MONGOLIA “Land of the Blue Sky”

If Mongolia is not on your travel to-do list, it should be. The landlocked country positioned between nation-giants China and Russia is an outdoor-adventure-lovers’ dream. Open to tourist since 1990, travel books are sparse and bold globe-trotters are rewarded with the ever fading opportunity to experience remote, wild landscapes, commune with nature, and engage with the country’s nomadic inhabitants. If you are like my Dad, a huge fan of Jackson Hole Wyoming and all of Montana, you will love Mongolia.   

The capital, Ulan Batar (Ulaanbaatar), is home one million of the country’s three million populous and has similar offerings to many metropolitan cities. Not to be missed are the beautiful temples and monasteries, and Grand Chinggis Khaan Square, previously known as and still commonly referred to as Sükhbaatar Square; the official name was changed in 2013 to honour the founding father of Mongolia. End the day with drinks at the Blue Sky Lounge situated on the top floor of the Blue Sky Hotel and Tower. For a little shopping visit, fair traders Mary and Martha and be sure to buy some Mongolian cashmere, known as the best in the world. 

Ulan Batar is the starting point but one doesn’t journey to Mongolia and stay in the capital. Venture out into the open land where generations of equine-centric nomadic herders keep the rugged country virtually undisturbed. Mongolia is immense, and has limited transportation and extreme climates – the average annual temperature in most of the country is zero; summer extremes can reach 90°F (30°C) in the Gobi Desert to minus 50°F (-45°C) in winter. Most of Mongolia is remote, meaning no-wifi, no running water, no electricity, no phone! No plumbing! The main diet in rural Mongolia is mutton or sheep. A nomad might head out with his gun, shoot a marmot, and then cook it in hot stones in it’s skin without a pot —  I saw this happen. Did you book your flight yet? 

My Mongolian experience was part of a yoga retreat: Jivamukti yoga, vegan meals, chanting, meditating, and sunset fireside kirtan (folk-song-chant-off with the locals). We hopped on the once a week Trans Mongolian Railway from Ulan Batar to Gobi (Mongolian word for desert). Just a few days in the desert reminds you that transcendence is possible as you stare at the immense sky, and gaze at the Milky Way. No words. Awe-struck. No roads, No people. Total silence.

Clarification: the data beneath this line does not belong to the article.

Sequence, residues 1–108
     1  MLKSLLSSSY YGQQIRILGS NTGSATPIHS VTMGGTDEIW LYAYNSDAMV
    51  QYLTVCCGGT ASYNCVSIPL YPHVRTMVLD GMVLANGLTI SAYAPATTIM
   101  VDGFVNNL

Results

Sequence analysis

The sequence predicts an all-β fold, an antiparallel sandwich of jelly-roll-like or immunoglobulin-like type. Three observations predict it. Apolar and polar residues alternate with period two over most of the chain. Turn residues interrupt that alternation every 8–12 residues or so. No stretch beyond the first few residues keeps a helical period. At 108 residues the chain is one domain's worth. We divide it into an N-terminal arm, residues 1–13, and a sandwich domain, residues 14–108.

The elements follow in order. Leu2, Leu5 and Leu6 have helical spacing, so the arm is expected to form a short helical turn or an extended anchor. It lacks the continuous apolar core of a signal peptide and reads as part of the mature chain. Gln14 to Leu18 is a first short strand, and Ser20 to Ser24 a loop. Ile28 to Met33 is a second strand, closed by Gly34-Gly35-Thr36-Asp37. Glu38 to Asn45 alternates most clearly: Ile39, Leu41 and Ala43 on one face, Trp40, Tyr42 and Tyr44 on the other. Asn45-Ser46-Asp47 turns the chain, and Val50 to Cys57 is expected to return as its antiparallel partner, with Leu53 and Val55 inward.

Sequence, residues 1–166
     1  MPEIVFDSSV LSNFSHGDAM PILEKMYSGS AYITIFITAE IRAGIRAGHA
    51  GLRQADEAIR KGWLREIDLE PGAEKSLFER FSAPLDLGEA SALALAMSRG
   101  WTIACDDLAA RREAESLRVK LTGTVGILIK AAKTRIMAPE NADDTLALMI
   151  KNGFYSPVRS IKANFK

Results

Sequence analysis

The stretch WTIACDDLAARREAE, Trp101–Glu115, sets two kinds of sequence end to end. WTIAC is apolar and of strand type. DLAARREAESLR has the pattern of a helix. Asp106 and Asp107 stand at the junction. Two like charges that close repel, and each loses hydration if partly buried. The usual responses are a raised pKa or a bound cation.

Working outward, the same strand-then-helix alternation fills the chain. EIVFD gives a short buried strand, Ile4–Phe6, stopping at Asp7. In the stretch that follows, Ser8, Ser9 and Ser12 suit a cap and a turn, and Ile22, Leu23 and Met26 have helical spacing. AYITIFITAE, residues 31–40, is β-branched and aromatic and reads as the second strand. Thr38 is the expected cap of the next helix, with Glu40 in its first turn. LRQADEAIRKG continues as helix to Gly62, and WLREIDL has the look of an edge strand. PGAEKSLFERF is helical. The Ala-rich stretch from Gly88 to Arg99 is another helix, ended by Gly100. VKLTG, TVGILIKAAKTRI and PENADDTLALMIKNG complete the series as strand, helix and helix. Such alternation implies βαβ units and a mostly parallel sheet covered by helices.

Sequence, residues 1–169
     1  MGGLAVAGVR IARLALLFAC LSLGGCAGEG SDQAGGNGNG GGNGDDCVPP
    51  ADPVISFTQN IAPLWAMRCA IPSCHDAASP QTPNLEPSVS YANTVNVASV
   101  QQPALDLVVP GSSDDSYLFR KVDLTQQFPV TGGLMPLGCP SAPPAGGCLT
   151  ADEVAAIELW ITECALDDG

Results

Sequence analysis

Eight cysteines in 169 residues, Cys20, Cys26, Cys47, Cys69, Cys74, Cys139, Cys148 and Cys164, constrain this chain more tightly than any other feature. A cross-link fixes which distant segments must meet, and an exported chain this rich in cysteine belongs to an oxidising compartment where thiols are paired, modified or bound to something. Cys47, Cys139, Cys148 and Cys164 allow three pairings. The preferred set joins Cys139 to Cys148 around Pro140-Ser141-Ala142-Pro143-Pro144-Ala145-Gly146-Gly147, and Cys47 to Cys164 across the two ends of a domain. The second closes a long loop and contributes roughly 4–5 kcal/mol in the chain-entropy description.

A ten-hour drive to reach the other retreat destination, Jalman Meadows which is located on the Upper Tuul River within the Gorkhi-Terelj National Park and the strictly protected area of Khentii. The park offers some of the richest landscapes in Mongolia: rocky formations sculpted by erosion, pine tree filled mountains, plains scattered with wild flowers like edelweiss, vast rivers and lakes, and the glorious steppe.  

If you do not like horses I question your humanity however you are going to want to skip over this section, it is for horse-folk only. Mongolian horses are a bit wild, they roam free when not “working” and go where they please. They have an owner, the horseman, who is very protective and risk-adverse. He determines your riding ability before letting you near his horses as Mongolian herders are expert riders — if you are injured in Mongolia, you may be hundreds of kilometres from medical aid, and you might get an ambulance which may be a minivan: medical evacuation insurance is advisable! That said, riding in Mongolia is on the Top 5 best experiences of my life (so far) – exploring over mountains, wading through a rushing river up to the haunches, and taking off my helmet to gallop full-out across the meadows, in what can only be described as boy-racing with the guides. Pure freedom and joy. 

Mongolia is not for the faint of heart, but nonetheless a rewarding life-detox, removed in every way possible way from taken-for-granted mod-cons. My experience still classifies as “Mongolia for beginners” because the yoga retreat provided a chef, beautiful ger (traditional felt yurt) accommodations, eco-toilets which were a short walk from the camps, and two beautiful yurts for showers (water for showers was collected from a nearby river, carried by camel and yak cart, heated on a fire and placed in an overhead bucket). For me Mongolia was a place to think and just be, to observe traditional life amid the vast, stunning landscapes in quiet calm. A place to remember how dependent and non-self-reliant we truly are, while humbling sitting under the stars. Leaving Mongolia’s extraordinary isolation and natural beauty, I felt a bit heartier, and happy to have escaped the madness, even for a moment.   

To book a Mongolia yoga holiday or for yoga retreats in other locations, contact my friend Jools Sampson at Reclaim Yourself ~ or for information about other types of Mongolian adventures visit Nomadic Journeys or Mongolia Tours.